Where does the pope live?

Seeing how the pope runs his own country, and has a lot of influence, it wouldn't be inaccurate to state that he lives anywhere he wants. 

However, for more than a century, the pope — as head of Vatican City State, which History says is the world's smallest country — has lived within what's called the Apostolic Palace. The current edition of this residence, which according to WorldAtlas is also known as the Papal Palace and/or the Palace of the Vatican, was built between 1471 and 1605, but previous papal palaces have been around since at least the fifth century. Today, it measures over 160,000 square meters, but that isn't just a whopping master suite: It also includes the Vatican Library, offices, chapels, art galleries, and museums, in addition to the papal apartments themselves. Come summer, Rome (and Vatican City) becomes uncomfortably muggy and hot. So, for many years, the pope has also set up shop at another palace in Castel Gandolfo, another palace located in the countryside, outside Vatican City itself.

That was past popes. The present pope, Pope Francis, has set his own style from the very beginning.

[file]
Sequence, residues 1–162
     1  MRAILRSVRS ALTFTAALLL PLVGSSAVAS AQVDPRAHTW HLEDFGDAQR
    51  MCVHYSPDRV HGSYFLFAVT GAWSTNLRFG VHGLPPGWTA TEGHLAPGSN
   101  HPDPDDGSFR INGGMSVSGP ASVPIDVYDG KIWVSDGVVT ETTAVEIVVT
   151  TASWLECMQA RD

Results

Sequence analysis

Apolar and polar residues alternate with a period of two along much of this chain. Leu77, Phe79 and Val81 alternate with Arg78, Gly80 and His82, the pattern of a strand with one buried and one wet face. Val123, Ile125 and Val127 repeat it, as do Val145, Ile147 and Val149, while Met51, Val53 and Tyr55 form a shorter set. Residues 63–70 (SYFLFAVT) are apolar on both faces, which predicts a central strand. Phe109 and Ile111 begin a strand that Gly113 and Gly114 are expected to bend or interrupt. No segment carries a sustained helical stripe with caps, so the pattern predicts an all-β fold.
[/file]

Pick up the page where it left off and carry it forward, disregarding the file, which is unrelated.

Pope Francis, on the other hand, keeps it simple

From early on, Pope Francis has been his own man. As Biography tells us, he was born Jorge Bergoglio in Argentina, making him the first pope ever to come from the Americas. He's also the first pope to take the name Francis, although he has insisted from the beginning that there would be no number associated with his name: not Francis I, just Francis. He famously (or infamously, depending on your point of view) responded to a question about same-sex attraction with the reply, "Who am I to judge?" He's a sports fan, and one of his favorite hobbies in his past life was dancing the tango. 

When it comes to residency, Pope Francis has broken the mold in other ways, as well. He has passed up the opportunity to live in the papal apartments in the Vatican Palace, according to Aleteia, and instead, has two rooms in Casa Sancta Marta ("St. Martha's House," or in Latin, Domus Sanctae Martae), a 1996 building originally designed as a hotel for clergy visiting the Vatican. His rooms are described as sparsely furnished, reflecting the same "absolute simplicity" he is known for. 

Meanwhile, his predecessor, the now-retired Pope Benedict XVI, lives in Mater Ecclesiae Monastery, according to the New York Times, which also falls within the boundaries of Vatican City.